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Dough-in procedure

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larrybrewer

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I was wondering how people like to dough-in. What do you add to the empty mash/lauter tun first, grains or water?

Just curious how other people do it, and if there is a preference.
 

carnevoodoo

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Add water, add grain, stir. If there's a lot of grain, I'll break it up. In lower gravity beer, I will just add it all at once, but I find it is best to srit solid into liquid.
 

Laughing_Gnome_Invisible

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Water first. Aside from what has already been said, I find that in very cold weather as we've had lately it is easier to adjust the temperature of the strike water accurately in the MLT rather than in the pot.
 

Cpt_Kirks

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I add a couple of gallons of near boiling water, let it sit for about 20 minutes, then dump it.

Then, I add my grains, then about a third of my strike water. Stir, then add the rest of the water, then stir well to make sure of no dough balls.

Using various mash calculators and pre-heating, I hit my target temp within a degree.
 

GilaMinumBeer

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On my Brew-Magic the suggested method is to;

Add cold foundation water to MLT (that is, fill the deadspace).
Add grain.
Backfill MLT to 1-2" above grain bed.
Rest for 5 minutes.
Stir to eliminate dough-balls.
Heat and recirculate until desired rest temp is achieved.


It's a little un-orthodox but, I like it. Still working out the efficiencies.
 

Laughing_Gnome_Invisible

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On my Brew-Magic the suggested method is to;

Add cold foundation water to MLT (that is, fill the deadspace).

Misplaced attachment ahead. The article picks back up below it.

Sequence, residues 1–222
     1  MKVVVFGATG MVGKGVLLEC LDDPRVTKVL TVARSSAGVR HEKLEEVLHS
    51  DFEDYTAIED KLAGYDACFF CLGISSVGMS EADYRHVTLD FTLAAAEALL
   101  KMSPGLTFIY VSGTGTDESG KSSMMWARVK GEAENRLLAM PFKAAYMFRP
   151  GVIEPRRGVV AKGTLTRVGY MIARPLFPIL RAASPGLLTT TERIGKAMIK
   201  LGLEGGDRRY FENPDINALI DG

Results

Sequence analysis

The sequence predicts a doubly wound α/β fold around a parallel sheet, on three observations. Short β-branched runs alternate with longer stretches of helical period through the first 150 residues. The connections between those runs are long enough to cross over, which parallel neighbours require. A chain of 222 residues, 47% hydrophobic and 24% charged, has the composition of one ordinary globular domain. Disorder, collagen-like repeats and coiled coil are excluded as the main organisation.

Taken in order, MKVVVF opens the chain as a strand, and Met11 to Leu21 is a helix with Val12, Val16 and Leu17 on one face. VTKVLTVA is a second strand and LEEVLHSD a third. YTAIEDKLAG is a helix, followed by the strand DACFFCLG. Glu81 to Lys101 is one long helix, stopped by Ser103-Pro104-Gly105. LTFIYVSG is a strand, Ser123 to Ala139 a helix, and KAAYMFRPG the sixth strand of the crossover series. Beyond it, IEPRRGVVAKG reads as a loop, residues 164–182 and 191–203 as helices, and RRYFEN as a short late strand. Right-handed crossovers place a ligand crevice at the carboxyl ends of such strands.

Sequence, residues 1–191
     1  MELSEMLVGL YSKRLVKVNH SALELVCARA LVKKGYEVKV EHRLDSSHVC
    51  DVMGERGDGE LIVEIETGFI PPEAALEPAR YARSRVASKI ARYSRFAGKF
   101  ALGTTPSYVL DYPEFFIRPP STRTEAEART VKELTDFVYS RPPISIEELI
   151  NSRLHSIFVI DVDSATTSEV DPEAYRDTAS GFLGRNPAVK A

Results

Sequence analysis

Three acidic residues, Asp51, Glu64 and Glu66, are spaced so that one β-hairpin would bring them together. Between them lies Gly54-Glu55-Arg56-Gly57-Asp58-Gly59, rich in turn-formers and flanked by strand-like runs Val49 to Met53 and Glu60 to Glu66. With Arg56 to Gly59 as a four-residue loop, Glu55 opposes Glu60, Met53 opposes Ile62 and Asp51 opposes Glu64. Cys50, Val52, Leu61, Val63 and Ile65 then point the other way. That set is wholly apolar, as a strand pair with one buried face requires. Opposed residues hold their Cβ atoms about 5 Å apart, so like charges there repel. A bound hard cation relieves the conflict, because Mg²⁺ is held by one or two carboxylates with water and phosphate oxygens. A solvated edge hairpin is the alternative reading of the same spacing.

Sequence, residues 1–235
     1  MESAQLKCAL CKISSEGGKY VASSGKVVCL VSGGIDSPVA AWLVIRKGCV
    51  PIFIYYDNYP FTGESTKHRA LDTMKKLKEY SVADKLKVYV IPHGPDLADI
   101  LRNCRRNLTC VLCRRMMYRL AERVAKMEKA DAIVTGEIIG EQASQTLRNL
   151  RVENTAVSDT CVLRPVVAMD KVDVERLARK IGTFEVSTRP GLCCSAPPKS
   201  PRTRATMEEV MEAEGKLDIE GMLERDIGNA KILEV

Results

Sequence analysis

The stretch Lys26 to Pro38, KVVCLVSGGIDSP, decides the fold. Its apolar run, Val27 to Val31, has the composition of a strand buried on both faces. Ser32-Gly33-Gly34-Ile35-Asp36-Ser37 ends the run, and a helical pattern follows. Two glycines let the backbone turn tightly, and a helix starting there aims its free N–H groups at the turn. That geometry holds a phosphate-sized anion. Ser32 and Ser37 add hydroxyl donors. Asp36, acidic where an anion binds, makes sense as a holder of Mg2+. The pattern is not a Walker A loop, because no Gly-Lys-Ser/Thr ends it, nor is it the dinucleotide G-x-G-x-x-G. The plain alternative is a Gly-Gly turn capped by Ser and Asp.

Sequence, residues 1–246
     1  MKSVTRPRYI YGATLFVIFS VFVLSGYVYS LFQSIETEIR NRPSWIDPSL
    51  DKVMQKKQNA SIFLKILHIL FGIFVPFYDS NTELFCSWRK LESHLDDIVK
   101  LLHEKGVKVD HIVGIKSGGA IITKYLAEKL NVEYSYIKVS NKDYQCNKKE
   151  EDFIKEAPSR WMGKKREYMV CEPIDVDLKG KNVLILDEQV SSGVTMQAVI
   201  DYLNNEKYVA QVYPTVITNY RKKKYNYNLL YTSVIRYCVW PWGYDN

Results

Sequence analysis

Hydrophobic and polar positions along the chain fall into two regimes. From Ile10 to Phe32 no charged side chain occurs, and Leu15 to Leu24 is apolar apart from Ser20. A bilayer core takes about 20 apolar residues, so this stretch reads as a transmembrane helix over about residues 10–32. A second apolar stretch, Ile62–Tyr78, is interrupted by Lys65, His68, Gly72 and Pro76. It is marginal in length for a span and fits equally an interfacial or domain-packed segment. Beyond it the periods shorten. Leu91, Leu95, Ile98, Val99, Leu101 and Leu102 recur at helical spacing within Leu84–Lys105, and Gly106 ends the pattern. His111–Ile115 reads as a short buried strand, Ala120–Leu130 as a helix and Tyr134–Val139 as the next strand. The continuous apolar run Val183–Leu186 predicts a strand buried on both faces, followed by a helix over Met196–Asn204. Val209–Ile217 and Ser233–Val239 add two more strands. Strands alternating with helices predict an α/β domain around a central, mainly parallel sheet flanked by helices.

Add grain.
Backfill MLT to 1-2" above grain bed.
Rest for 5 minutes.
Stir to eliminate dough-balls.
Heat and recirculate until desired rest temp is achieved.


It's a little un-orthodox but, I like it. Still working out the efficiencies.
You are fly sparging with a HERMS set up? If not, that sounds very tricky.
 

GilaMinumBeer

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You are fly sparging with a HERMS set up? If not, that sounds very tricky.
Close enough. It's a RIMS and yes, I am still working out the sparge volumes. On average this meathod seems to yield a strike of 1.3 to 1.4 qts/lb.

The thing I like most about this is that it;

- Free's me from waiting for the HLT to heat for strike.
- Does take the grain bed through other, mostly unnecessary rest periods.

I have found that with this my beers are crystal clear but, my efficiencies have swung wildly. 78% to 65%. It's to do with sparge volumes. I screwed up my sparge on the last brew.
 

HenryHill

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Having a keggle MLT, I heat the strike water in the MLT, then add the grain slowly, in maybe 5 batches, stirring away any dough balls at the time I am adding each grain addition. When it is saturated and consistent, I add more grain, but I do make fairly large beers.

Keggle MLT=no preheating.
 
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